The EU refugee rescue mission is a triumph of humanitarianism – not that you’ll hear about it

If Operation Sophia was designed to ‘tackle the root causes’ of the refugee crisis, we need to talk about justice, dignity and freedom for the people of the Middle East

Robert Fisk
Friday 13 May 2016 18:21 BST
The number of refugees crossing the Med in the first four months of 2014 and 2015 stayed the same at 26,000, but death rates soared
The number of refugees crossing the Med in the first four months of 2014 and 2015 stayed the same at 26,000, but death rates soared (Aris Messinis/AFP/Getty Images)

EUNavforMed – or Operation Sophia, to give the gig its more romantic title – is a real success story. It’s not the “failure” the House of Lords would have us believe in their mean-minded report. EU ships have saved more than 9,000 souls among the poor and huddled masses crossing the Mediterranean, the refuse of Libya’s “teeming shore”. It is a stunning success for the humanitarianism of the EU – an institution which Britain is thinking of leaving.

But such is the immoral nature of our reaction to this catastrophic human crisis that our political masters did not dare to put human lives ahead of tackling criminality when they launched the whole fandango a year ago. Well aware that millions of Europeans were not too keen on rescuing the refugees and migrants drowning in Mare Nostrum (and quite a few, alas, rather keen that these poor folk might expire en route), Dave Cameron and his mates went banging on about the need to hunt down people-smugglers.

Personally, I’d rather he hunted down the arms smugglers who are the cause of this bloody tragedy. But that would mean arresting all kinds of well-off gents from the Gulf, Turkey and, indeed, Libya – along with CIA agents, Russian spooks and quite a few intelligence outfits even closer to home. Impossible.

So having told us this was all about criminality, Dave and the lads have to faff on about driving ‘wedges’ into people-smuggling Mafiosi who are supposedly the real culprits.

Now that we’ve bribed the Turks with a regular annual wodge of greens and easy visas to Europe for their own migrants, rather than the more desperate kind from Syria, Afghanistan and Iraq, the immediate problem is that we can’t bribe the Libyan government in the same way. First, because it doesn’t exist, thanks partly to our own messing in that tripartite nation, and second because we don’t really have much enthusiasm to send our marines to the shores of Tripoli.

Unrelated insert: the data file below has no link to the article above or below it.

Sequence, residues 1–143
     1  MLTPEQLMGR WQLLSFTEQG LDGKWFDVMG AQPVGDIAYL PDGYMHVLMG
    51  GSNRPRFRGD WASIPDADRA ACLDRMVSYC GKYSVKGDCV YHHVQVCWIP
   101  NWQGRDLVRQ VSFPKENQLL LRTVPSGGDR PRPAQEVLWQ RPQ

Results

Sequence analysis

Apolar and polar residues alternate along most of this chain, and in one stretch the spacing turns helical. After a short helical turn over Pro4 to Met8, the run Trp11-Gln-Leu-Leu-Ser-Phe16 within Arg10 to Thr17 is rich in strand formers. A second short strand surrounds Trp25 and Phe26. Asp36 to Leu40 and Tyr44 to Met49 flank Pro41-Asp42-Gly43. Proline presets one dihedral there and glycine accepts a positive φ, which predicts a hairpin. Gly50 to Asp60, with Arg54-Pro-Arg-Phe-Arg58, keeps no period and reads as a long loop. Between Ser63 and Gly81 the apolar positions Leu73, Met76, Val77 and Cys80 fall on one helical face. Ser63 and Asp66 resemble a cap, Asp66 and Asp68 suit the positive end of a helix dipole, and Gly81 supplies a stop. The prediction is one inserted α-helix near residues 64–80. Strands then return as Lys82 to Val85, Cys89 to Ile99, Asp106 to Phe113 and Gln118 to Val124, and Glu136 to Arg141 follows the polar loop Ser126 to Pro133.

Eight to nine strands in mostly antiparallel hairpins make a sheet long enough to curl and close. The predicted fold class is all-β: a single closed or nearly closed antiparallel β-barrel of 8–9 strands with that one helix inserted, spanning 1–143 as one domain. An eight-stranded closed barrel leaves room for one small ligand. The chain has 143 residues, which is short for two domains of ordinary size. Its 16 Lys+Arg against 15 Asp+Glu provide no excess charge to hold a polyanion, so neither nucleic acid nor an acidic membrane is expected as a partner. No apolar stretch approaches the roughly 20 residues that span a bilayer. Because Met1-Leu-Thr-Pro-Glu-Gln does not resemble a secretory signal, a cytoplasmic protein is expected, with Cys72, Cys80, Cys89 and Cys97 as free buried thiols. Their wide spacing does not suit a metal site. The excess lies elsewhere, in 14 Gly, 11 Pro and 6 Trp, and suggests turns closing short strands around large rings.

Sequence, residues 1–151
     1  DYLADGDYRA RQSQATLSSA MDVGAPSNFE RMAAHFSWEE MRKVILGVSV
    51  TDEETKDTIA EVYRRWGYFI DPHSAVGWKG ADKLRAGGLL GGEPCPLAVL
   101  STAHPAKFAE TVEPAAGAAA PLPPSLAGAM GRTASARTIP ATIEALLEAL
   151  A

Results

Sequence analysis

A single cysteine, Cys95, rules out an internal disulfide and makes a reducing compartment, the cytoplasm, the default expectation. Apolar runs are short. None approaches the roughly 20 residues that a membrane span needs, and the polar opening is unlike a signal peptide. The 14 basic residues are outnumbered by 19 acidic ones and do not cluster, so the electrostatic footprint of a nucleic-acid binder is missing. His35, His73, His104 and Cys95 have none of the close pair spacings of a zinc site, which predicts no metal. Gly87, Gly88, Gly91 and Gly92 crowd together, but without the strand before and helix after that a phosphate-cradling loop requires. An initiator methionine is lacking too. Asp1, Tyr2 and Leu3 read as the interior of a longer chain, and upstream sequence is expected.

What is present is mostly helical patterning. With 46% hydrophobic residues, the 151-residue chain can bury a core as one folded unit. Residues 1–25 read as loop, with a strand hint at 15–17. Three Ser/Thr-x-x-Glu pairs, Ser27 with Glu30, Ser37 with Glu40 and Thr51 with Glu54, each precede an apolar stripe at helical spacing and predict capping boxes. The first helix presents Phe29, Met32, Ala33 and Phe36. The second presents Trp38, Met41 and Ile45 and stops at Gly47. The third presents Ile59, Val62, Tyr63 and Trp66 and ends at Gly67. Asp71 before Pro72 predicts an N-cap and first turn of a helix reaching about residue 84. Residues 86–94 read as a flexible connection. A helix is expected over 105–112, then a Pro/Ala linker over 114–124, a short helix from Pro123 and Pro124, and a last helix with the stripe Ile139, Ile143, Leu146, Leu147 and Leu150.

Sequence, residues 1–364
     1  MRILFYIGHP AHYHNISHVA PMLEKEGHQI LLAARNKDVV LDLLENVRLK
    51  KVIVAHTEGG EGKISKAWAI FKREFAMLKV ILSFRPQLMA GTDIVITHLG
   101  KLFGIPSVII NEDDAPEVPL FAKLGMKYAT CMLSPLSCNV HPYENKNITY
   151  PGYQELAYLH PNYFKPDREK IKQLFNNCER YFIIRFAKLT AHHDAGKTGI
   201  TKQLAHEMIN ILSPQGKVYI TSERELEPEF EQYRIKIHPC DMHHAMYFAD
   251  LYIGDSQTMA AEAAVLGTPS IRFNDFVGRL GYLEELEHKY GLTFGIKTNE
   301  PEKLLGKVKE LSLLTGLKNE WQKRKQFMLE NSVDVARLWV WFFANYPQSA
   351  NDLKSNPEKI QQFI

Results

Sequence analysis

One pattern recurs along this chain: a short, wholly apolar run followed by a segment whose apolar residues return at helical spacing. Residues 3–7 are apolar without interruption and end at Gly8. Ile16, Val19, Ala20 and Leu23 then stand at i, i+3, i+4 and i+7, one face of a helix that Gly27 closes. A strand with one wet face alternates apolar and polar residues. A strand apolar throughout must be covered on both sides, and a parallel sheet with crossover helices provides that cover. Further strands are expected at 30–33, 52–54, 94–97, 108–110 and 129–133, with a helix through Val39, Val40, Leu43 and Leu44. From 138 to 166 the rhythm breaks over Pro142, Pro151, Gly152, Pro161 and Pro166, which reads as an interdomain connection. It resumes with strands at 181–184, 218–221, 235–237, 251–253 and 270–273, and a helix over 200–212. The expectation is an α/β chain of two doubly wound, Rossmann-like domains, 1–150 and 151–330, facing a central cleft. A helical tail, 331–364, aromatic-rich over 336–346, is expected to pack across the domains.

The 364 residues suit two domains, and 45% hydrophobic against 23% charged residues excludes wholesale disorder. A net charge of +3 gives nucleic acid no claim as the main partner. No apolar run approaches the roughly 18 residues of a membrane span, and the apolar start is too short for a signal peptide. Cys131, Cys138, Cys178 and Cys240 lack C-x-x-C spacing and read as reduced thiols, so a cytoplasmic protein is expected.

After all, dispatching our commandoes to Arab lands – with or without permission from the relevant dictators – to shoot down the desperados who are packing the coffin ships with human flotsam would immediately bring us into conflict with all kinds of chaps: Isis, al-Qaeda, Nusrah, Boko Haram, freelance militias, Arab government ministers, Gulf allies and Washington cut-outs.

Mediterranean deadlier than ever as migration surges in 2014

We’d have to use precision bombing and lots of drones and then, before we knew it and as per usual, we’d be blowing up the camps, clinics and hospitals used by the refugees as well as the gunmen and smugglers before the homeless, ‘tempest-tossed’ migrants even dipped their toes in the sea.

It’s highly instructive that one of the most recent EU puffs for Operation Sophia puts the rescue of human life first on its list of mission objectives – which is where it should be – and only then waffles on about smugglers.

There’s one killer line at the end, however, that hits us old Middle East hands like a whiplash. The purpose of the whole EU project, we are told, is to “tackle the root causes” of the refugee tragedy.

Surely not? For that would mean we’ve got to talk about justice, dignity and freedom for the people of the Middle East – which means we’ve got to redesign our policies towards Islam, history, Arab dictators, Israel, the Palestinians, the Kurds.

We may even have to re-examine our views of Europe, even of the EU. And if we’re going to set sail across the Mediterranean with that kind of ambition, we’d better follow the example of Admiral Lord Nelson who held his telescope to his blind eye at the Battle of Copenhagen and remember what he supposedly said: “I see no ships!”

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